This week an agreement was signed at the NATO Allied Command Transformation (Norfolk, USA) between Austria and the current member nations of the Centre which accepts Austria into the Centre. Austria is the first non-NATO nation to join the Centre but not the last since talks of joining are also being held with Finland.
“Austria joining the Centre is definitely an important milestone for us and for the way we look at cyber defence,” said Colonel Artur Suzik, Director of the Centre. “Partnerships are extremely vital and I am very pleased that Austria now stands as an equal among the nations already participating in the work of the Centre.”
Being a non-NATO nation, Austria joined the Centre as a Contributing Participant which is a special cooperation format for nations outside the Alliance. In essence the Contributing Participant is equal to the NATO nations participating in the work of the Centre, the main difference being the absence of the voting right at the Centre’s Steering Committee which governs the organisation’s budget and programme of work.
Austria started the discussions on joining the Centre in the beginning 2013 and sent its representative to work in the Centre in autumn same year to start the contribution and collaboration as soon as possible.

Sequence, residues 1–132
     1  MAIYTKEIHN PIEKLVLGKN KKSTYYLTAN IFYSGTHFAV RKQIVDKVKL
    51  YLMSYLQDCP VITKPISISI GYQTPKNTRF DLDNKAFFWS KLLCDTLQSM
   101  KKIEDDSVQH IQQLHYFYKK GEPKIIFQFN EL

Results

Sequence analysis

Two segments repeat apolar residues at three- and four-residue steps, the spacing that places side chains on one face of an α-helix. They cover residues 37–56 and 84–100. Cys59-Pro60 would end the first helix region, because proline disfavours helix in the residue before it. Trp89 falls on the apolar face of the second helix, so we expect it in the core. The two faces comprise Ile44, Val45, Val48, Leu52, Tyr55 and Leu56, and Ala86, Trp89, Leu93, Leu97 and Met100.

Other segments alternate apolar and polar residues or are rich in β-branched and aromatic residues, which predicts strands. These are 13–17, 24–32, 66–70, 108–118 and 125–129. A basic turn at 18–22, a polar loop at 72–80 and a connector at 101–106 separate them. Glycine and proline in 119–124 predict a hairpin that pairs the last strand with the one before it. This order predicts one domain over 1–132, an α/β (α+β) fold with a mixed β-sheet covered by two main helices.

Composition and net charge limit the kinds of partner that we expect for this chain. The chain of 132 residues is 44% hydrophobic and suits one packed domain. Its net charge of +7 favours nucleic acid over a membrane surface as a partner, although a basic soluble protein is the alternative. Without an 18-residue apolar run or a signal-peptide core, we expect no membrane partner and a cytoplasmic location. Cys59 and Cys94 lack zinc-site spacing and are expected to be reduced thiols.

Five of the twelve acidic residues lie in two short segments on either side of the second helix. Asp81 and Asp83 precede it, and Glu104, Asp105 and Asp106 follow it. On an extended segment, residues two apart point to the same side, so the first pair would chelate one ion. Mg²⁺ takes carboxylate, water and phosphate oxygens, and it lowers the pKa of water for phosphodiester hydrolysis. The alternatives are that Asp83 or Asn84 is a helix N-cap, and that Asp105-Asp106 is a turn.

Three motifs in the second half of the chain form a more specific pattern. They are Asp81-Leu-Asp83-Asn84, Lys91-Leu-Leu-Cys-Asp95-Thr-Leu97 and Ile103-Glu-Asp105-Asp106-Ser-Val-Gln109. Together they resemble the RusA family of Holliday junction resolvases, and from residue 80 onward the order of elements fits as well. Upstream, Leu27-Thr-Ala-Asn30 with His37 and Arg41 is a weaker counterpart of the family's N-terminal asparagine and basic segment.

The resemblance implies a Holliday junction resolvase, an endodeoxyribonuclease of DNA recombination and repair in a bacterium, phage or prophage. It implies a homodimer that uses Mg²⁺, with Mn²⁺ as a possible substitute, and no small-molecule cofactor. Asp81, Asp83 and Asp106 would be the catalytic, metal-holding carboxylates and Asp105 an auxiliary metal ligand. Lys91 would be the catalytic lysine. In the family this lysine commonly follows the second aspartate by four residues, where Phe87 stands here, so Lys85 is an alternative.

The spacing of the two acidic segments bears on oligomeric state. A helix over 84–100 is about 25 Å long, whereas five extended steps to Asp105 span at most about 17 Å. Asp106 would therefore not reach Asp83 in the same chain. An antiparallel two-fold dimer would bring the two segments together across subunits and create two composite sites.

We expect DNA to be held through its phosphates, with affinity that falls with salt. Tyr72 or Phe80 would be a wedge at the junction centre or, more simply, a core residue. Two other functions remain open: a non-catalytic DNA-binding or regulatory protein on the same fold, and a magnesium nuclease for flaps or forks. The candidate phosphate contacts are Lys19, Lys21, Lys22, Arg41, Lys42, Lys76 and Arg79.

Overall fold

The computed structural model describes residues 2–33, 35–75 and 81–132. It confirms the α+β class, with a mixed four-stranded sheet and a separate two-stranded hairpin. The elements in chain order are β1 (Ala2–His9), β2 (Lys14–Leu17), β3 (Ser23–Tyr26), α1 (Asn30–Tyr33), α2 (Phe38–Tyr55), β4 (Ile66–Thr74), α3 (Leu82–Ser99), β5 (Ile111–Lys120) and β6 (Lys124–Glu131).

Austria will not be the last addition to the Centre this year. From NATO nations Czech Republic, France, Greece, Turkey and United Kingdom are expected to join this year, discussions with Finland which will hopefully lead to an agreement within this year. Experts from Czech Republic, France, Turkey and United Kingdom are already working at the Centre.
NATO Cooperative Cyber Defence Centre of Excellence is an International Military Organisation located in Tallinn, Estonia. It’s a research and training centre with an aim to enhance the capability, cooperation and information sharing among NATO, its member nations and partners in cyber defence by virtue of education, research and development, lessons learned and consultation.